C4 exposé prompts probe into Royal Mail

Dispatches exposed credit card theft

The Royal Mail is being investigated by regulatory body Postcomm, after last week’s Channel 4 undercover documentary exposed theft, fraud and incompetence within the organisation.

The episode of the current affairs series Dispatches, which was the culmination of a six-month investigation, showed lazy workers, incompetent managers and a gang of credit card thieves operating in Royal Mail.

Now, in addition to the company’s internal probe into its workforce following the broadcast, Postcomm is investigating Royal Mail to ascertain whether it has breached the terms of its operating licence.

A Postcomm spokesman said: “Royal Mail’s licence requires it to have effective mail protection procedures.

The Dispatches programme suggests Royal Mail is not applying those procedures properly – at least in London. Postcomm will make further enquiries and if Royal Mail has failed to meet its licence obligations, we will take appropriate action.”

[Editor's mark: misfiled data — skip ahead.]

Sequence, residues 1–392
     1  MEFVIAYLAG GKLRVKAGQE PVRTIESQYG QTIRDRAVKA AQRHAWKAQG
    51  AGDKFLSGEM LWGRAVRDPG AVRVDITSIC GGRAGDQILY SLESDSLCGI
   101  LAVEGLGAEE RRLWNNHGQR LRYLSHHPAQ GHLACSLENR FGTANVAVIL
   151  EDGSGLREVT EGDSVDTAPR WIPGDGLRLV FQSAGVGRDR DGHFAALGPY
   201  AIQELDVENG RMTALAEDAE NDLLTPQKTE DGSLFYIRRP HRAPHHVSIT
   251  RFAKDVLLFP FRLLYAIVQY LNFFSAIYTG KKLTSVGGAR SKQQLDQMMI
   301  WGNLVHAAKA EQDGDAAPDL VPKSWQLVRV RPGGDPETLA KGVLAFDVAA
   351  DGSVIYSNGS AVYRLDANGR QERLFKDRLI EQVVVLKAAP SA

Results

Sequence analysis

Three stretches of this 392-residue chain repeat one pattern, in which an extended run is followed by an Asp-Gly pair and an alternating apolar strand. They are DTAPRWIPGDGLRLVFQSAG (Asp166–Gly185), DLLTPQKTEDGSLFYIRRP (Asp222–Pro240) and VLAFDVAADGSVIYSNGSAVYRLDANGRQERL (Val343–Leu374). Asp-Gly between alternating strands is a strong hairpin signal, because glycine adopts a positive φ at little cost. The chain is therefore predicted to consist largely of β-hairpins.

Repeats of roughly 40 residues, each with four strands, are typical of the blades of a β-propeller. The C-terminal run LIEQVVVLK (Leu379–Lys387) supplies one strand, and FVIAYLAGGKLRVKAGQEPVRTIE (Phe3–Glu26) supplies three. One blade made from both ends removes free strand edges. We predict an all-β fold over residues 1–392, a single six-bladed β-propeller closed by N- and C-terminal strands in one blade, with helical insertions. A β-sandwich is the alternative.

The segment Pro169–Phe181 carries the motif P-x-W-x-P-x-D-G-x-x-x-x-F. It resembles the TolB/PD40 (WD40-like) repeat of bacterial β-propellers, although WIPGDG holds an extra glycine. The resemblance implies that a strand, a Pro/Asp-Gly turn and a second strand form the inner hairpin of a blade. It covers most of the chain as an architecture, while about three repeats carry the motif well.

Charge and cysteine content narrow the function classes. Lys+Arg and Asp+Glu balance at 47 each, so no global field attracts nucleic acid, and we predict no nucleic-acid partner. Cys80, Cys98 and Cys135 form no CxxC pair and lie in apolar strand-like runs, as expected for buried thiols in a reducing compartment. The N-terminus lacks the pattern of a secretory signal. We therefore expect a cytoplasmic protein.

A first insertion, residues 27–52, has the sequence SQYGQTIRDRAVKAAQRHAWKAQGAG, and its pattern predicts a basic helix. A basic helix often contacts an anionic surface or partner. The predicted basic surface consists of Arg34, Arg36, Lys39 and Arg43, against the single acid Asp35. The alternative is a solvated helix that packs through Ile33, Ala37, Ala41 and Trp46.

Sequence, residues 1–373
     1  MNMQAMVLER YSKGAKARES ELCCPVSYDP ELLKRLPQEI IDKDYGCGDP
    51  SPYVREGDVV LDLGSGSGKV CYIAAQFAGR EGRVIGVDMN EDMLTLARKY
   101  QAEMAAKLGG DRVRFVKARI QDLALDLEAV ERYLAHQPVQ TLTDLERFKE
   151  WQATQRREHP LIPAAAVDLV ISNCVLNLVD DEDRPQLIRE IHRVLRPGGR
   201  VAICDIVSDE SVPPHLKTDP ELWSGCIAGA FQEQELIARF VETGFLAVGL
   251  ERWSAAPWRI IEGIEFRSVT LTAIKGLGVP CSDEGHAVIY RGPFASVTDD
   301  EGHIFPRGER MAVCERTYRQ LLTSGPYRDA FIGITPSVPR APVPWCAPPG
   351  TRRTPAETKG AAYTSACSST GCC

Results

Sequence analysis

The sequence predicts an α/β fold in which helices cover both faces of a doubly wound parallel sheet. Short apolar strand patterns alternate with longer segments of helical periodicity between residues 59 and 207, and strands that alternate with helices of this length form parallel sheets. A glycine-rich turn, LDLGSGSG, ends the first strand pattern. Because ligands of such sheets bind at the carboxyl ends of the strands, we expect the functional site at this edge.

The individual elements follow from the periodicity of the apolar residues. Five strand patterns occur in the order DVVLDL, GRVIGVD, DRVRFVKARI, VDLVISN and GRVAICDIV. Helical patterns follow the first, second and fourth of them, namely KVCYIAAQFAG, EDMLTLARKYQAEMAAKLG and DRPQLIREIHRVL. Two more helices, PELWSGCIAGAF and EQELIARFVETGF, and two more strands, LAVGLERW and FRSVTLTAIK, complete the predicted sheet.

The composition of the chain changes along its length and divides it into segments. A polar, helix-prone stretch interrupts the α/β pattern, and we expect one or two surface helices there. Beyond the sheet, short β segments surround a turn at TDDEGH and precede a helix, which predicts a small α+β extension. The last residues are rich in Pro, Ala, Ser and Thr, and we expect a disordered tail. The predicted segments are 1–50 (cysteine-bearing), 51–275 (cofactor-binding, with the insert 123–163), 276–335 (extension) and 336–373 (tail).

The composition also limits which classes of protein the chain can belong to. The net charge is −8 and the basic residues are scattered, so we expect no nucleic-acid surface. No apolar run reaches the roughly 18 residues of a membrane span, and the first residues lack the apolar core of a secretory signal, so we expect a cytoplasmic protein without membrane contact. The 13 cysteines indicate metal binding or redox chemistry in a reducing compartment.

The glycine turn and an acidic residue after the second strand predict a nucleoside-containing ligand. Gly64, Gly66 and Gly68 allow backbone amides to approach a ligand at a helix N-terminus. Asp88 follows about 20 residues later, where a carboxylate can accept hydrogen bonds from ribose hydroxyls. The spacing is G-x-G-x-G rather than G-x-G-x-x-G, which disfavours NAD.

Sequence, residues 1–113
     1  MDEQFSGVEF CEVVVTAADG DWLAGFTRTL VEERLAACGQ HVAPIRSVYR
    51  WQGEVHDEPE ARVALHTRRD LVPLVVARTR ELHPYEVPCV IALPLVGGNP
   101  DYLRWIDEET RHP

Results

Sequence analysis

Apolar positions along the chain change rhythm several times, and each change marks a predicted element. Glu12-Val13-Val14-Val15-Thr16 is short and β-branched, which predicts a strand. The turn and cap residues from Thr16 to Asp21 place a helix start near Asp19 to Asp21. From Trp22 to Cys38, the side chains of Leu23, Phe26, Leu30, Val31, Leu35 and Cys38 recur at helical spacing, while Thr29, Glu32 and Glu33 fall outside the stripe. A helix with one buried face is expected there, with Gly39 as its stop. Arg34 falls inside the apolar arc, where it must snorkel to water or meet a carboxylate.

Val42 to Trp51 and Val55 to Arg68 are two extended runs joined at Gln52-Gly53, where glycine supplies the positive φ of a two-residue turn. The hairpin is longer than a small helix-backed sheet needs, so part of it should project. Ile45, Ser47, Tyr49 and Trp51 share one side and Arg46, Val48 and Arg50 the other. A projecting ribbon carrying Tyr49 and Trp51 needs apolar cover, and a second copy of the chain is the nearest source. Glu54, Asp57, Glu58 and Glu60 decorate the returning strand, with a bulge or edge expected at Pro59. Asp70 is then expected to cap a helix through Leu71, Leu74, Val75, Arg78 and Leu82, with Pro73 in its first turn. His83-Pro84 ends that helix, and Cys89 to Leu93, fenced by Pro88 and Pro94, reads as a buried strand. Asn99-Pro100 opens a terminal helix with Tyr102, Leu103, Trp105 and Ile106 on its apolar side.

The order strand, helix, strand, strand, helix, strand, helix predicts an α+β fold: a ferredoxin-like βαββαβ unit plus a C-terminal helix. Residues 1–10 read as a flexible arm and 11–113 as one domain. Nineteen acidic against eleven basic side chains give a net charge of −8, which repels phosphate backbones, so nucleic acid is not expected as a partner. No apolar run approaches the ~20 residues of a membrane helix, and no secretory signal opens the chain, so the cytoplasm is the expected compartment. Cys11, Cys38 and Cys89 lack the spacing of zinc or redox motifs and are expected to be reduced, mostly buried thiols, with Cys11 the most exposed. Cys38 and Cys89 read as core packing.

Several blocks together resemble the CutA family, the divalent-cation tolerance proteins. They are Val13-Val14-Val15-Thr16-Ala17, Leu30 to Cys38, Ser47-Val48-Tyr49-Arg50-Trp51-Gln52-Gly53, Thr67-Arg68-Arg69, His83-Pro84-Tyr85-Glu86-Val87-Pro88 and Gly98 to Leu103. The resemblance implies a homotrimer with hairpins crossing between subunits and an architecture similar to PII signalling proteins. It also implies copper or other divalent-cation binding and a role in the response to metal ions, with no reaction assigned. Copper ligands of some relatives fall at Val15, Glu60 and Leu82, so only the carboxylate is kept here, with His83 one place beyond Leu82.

Royal Mail has requested unseen footage of the documentary to bolster its own disciplinary action.

“Disciplinary investigations involving a number of individuals” were underway, it said.

After the programme was aired, chief executive Adam Crozier said: “Procedures and practices in the letters business will be reviewed at board level and any necessary improvement action will be taken.”

Royal Mail approached David Henshaw, executive producer of the programme and founder of Hardcash Productions, which produced the Dispatches episode, but he insisted the company must guarantee the anonymity of the undercover journalist who infiltrated the credit card gang.

The programme featured the journalist talking to and filming a Nigerian postal worker about the gang’s operations.

Speaking about the reaction to the programme, Henshaw told Press Gazette: “You always know when you’ve hit a big popular nerve. I think there is a huge groundswell of rage out there against what people know to be the truth, as opposed to the massaging of modern public relations.”

Consumer organisation Postwatch commended Channel 4 and Hardcash, saying: “The beneficial impact of the programme should not be overestimated.”

By Wale Azeez

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